I found a couple new writer blogs of interest, you might want to check out. Nalo Hopkinson and John Shirley. I loved Shirley's stories in the early issues of Interzone in the early '80's - sort of the genre equivalent to Joe Strummer, I guess. Though I really hope John works out the art of separating paragraphs with whatever blog engine he's using.
I'm a little ways into the fourth draft now. This has been a hard book to write, harder, certainly, than the first - and for all the usual reasons that afflict writers working on their second book when they're actually under contract to deliver the goods. When you're writing a book and you've got no idea if you're ever going to get a book deal, you don't feel under pressure. Your only boss is yourself. If it's not right, they won't buy it. Simple.
But then you do sell that book, and they want another to go with it. Fine. You write another. Not so hard, if the second uses the same characters and situation (mine doesn't). But then you hear the voice in your head. Sure, they liked the first one, but what will they think of the second? You imagine the worst, you imagine the best. You're the worst person to judge, because you're the one who wrote the thing. It's like being the actor who throws up every time he or she's about to go on stage. You have to go out there and impress. Scary. But that's all part of the business, and it's still a lot better than a lot of other things I could be doing with my life - which is why I became a writer.
One thing I saw on tv that particularly impressed me was a documentary on the author Lemony Snicket on BBC2. The presenter pretty much nailed the guy down when he described him as a 'cross between a children's entertainer and a malevolent, overgrown schoolboy'. He's the author of a series of children's books called 'A Series of Unfortunate Events'. During his readings, he likes to play an enormous accordion and sing songs with titles like 'Run Away Screaming or Die'. When he's signing books, he likes to lean forward and ask children 'are you a spy?' or to blink twice for no, once for yes, if their stepmother is evil or not.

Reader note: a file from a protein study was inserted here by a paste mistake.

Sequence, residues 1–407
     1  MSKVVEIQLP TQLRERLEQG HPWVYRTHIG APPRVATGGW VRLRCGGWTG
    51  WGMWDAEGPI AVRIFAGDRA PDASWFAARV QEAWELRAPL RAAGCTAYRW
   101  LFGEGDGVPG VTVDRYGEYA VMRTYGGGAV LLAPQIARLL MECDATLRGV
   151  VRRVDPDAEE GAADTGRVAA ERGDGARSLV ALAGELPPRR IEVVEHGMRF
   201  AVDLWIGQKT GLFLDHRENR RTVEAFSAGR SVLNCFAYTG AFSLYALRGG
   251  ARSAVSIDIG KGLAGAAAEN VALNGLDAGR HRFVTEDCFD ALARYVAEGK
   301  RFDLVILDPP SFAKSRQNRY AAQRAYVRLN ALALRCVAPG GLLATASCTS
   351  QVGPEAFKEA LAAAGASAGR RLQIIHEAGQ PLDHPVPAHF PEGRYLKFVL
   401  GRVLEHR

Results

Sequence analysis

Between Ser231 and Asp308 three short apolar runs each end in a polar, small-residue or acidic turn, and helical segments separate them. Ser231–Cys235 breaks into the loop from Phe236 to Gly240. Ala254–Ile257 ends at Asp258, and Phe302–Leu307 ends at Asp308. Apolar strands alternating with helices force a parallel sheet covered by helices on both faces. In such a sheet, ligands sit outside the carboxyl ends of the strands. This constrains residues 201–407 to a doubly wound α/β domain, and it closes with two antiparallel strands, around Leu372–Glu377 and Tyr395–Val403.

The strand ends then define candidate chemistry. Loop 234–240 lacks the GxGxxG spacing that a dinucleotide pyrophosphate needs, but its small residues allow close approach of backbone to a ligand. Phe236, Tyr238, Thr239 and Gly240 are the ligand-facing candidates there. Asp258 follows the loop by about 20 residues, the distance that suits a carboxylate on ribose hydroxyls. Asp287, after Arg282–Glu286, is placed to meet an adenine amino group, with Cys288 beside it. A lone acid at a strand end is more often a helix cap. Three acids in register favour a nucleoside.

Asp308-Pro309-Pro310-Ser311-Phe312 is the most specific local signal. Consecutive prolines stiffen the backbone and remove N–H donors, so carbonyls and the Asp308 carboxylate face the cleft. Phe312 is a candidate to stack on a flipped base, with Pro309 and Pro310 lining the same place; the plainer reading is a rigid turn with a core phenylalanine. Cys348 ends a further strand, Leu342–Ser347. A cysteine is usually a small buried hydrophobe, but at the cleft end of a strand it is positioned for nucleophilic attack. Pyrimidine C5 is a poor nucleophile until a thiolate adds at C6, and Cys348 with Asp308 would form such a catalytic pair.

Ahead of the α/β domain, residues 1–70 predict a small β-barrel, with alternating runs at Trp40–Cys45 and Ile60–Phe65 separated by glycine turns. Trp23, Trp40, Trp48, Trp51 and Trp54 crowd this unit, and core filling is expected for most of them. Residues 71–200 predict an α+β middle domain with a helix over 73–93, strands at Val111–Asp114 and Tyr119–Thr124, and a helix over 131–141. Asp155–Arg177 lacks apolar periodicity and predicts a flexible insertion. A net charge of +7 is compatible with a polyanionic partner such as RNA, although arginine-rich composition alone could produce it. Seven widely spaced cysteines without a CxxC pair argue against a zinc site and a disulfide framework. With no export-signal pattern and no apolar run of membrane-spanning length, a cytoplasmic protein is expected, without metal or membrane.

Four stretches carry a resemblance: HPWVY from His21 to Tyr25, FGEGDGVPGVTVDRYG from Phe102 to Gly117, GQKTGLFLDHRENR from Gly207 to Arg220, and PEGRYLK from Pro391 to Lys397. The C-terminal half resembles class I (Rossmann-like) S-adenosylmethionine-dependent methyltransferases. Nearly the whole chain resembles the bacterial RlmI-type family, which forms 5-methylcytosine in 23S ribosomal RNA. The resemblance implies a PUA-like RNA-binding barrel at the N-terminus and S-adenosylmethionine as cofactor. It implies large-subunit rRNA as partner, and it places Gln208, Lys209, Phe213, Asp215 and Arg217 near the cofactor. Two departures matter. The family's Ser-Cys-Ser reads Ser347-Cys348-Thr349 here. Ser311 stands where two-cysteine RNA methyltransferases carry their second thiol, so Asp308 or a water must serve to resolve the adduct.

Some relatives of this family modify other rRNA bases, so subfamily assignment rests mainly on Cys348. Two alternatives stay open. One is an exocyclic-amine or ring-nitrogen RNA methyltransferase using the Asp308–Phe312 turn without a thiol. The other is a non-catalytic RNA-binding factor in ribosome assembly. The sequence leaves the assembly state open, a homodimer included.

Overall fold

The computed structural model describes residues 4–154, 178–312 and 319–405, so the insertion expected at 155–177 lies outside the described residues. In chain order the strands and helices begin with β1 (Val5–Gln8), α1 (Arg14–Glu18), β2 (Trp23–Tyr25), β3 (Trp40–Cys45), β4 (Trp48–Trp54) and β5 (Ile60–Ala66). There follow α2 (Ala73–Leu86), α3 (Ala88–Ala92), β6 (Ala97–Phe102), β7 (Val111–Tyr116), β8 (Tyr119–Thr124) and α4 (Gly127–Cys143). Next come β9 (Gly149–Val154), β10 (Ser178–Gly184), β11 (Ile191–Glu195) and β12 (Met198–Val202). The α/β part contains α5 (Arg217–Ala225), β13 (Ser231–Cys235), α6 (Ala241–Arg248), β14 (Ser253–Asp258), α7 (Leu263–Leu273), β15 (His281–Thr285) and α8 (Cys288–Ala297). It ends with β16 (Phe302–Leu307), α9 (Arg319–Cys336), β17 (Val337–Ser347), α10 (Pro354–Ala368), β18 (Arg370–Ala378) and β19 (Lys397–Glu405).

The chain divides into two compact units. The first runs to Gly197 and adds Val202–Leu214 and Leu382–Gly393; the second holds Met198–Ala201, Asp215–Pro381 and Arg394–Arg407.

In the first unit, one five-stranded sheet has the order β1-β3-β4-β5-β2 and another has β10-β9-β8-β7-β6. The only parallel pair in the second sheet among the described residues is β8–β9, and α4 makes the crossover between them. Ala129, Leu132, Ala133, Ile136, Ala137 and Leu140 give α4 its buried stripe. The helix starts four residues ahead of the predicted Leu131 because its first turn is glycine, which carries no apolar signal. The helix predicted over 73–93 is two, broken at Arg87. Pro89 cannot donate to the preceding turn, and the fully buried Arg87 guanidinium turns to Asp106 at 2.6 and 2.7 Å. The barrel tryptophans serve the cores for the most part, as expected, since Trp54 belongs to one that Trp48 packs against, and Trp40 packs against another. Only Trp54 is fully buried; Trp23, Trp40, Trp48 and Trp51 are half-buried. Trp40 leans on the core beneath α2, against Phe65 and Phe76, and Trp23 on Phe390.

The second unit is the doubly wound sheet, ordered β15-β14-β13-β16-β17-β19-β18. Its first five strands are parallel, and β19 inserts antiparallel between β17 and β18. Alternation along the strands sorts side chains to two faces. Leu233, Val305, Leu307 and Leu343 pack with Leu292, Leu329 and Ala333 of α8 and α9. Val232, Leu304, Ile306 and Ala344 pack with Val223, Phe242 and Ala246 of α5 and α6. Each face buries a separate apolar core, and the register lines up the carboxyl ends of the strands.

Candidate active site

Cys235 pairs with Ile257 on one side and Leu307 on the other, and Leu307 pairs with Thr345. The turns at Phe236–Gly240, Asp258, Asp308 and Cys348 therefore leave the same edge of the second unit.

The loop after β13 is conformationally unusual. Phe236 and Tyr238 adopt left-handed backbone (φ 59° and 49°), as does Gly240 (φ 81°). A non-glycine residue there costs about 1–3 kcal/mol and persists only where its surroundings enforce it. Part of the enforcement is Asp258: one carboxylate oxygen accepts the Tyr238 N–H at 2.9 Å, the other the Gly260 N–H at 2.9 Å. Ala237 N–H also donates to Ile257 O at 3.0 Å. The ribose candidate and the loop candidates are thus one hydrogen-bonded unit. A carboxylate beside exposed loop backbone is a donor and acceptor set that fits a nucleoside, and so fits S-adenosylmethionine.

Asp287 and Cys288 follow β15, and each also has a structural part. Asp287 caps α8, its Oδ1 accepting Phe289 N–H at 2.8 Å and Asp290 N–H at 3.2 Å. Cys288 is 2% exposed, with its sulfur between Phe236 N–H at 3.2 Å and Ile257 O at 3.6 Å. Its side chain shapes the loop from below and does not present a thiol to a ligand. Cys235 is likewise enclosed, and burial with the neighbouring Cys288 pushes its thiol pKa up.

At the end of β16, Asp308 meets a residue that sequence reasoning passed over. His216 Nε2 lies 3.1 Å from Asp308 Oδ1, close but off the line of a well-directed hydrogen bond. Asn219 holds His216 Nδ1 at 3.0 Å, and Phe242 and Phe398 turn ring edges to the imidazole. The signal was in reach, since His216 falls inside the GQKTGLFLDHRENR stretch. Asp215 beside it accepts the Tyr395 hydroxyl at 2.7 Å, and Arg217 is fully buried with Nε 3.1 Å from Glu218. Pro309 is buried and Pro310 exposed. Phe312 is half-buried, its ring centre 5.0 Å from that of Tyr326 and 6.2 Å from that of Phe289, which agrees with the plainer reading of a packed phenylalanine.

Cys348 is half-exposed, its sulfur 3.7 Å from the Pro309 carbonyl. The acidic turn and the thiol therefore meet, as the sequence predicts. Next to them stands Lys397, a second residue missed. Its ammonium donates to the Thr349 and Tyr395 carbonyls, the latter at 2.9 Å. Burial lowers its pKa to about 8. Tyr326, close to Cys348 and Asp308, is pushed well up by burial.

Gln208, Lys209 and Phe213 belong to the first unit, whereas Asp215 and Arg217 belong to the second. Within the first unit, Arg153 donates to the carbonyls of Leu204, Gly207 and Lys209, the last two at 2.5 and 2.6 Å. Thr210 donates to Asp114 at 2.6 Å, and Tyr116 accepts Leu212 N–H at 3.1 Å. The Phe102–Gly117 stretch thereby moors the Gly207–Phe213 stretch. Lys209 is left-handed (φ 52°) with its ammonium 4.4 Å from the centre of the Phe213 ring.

What's important about this isn't the obvious fact that he's a highly eccentric individual as much in love with the idea of being a writer and the attendant mystery, particularly from a child's point of view. What's important is the man's genius for self-promotion. I've met some people with a genius for self-promotion. One is an amateur astronomer from Glasgow, who's also a science fiction writer. His ability to get himself in the newspapers or press can at times be astonishing. Similarly, I once did design work for a quite, quite mad woman who was literally obsessed with vampires. She, also, has a genius for self-promotion.
People with good promotion skills get noticed. When I was watching Lemony (obviously not his real name, but I can't remember what his real name is), I sat there thinking, how could I possibly make it that interesting, to be at the launch of my book? My mind was blank, and in the end my book launch will be of the traditional variety. Perhaps this is best, as these things can take practice. I look forward to my first reading with a mixture of anticipation and absolute despair. I've been to a few launches, and they all generally went pretty well. I'm sure mine will be the same. Still, I can't avoid the associated nerves.
Hmm. Just had a thought. My self-promotion clock appears to be ticking finally, somewhere in my brain.